War Paint Offers Makeup for Men and Questionable Ideas of Manliness

A cosmetics company gained a lot of attention this month – and because they are trying to sell a product, even though a fair amount of attention was critical, it was probably all for the best.

U.K.-based War Paint has created a line of makeup specifically for men; in that they are marketing the product towards men (with specifics, regressive ideas of what a man is) and claiming they are the first to tailor it specifically for men (which is debatable).

It’s Just Makeup, Guys

Before we unpack all that is going on here, the products themselves are straightforward. War Paint offers high quality bronzer, foundation, anti-shine powder, tinted moisturizer, and concealer. Of course, you need help applying all the products, and War Paint has you covered. You can opt for tools like a powder brush, face sponge, and wash bag. The line is vegan and cruelty-free, in step with a culture that has demanded as such from their makeup products.

It’s what War Paint is doing, claims to have done, and how they are positioning it all that is creating a stir. They gained a lot of attention with a 13-second ad featuring a heavily tattooed, muscular white man applying foundation. Text accompanying it says they couldn’t find a company that makes makeup specifically for men, so they did it themselves. Of course, that’s not really true – many companies offer makeup for men, they just call it makeup. War Paint insists there are key differences in men’s skin and women’s skin, so their brand is for men.

Manly Marketing

This all pairs poorly with a name and a look that relies on rather dated notions of what it means to be a man, and what men respond to. Namely, things that are black and militaristic. I’m surprised the brushes and sponges aren’t listed under a category called ‘Weapons of Choice.’ Consequently, the implication is that makeup is inherently only for women, and thus feminine, and men shouldn’t be feminine or express any semblance of femininity. So they need figurative war paint.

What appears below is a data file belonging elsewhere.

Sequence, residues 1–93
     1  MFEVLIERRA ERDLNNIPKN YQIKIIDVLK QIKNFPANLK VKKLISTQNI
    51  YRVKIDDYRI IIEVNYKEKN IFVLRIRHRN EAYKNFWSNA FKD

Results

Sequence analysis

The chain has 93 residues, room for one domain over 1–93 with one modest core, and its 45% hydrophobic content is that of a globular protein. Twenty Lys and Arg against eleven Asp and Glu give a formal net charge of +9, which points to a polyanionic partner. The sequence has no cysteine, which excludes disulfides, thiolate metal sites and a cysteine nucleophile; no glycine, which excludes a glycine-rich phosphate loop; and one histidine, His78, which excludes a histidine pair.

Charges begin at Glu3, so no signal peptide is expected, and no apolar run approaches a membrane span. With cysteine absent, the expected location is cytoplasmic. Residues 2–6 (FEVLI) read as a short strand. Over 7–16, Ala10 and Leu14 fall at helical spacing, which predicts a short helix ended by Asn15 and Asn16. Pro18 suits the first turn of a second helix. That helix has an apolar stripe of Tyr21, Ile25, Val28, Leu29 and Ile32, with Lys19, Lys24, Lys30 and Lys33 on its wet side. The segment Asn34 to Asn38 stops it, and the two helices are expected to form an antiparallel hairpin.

At the same time, in order to make money, they need to in part attempt to dispel the sexist and dangerous myth that makeup is somehow emasculating and it’s not for any Man (the kind with a capital ‘M’) to use. And thank goodness for that. But trying to claim they are the first and doing so with pretty dated sexist marketing strategies – like ‘blue is for boys’ and ‘pink is for girls,’ destroys any good will.

Men are Diverse

Essentially they are suggesting that men – who come in all shapes and sizes and take showers and trim their beards and take care of their skin and groom their hair and buy dapper clothes and wear perfume and may have long silky hair or gorgeous blue eyes and also buy erectile dysfunction pills and hair thinning cream – need to be coddled when it comes to purchasing some concealer. And that men will respond to black, because I guess it’s the furthest you can get away from pink. Still, consumers across the board respond to particular branding and aesthetics. They may sell products at a higher price that are ostensibly the same as another company’s, but their targeted clients may embrace their look and feel.

Contradictions

It’s worth noting that War Paint has partnered with Campaign Against Living Miserably (CALM), donating funds to the UK-based mental health charity that works to reverse the staggering numbers of male suicide, some of which are surely directly due to prevailing thoughts of toxic masculinity. Founder Daniel Gray speaks in a company video about growing up insecure about his body and using makeup as a means to feel more confident.

What’s more, while their marketing definitely seems to appeal to outdated gender stereotypes as if we are all male characters on 90s sitcoms, the website touts the cruelty-free and vegan aspect of the company and refers to what they sell as ‘beauty products.’ By the same anachronistic standard, those words would be considered feminine.

All of this means is that War Paint seems no more or less special than most companies. They have what seems like a fine product that will do well, positioning themselves as novel and having created a certain look to appeal to a certain demo, which seems like a typical strategy.

Hopefully everyone sees though that men should wear makeup if they want. Products don’t have a gender identity. Colors don’t have a gender identity. It’s good that more companies are targeting men, because that should have never been a thing that didn’t happen, but to embrace the worst parts of gender norms is a pretty bad way to do. Every actor, every TV personality, and whole ton of athletes already wear makeup regularly. The Rock wears makeup. And so can you.

 

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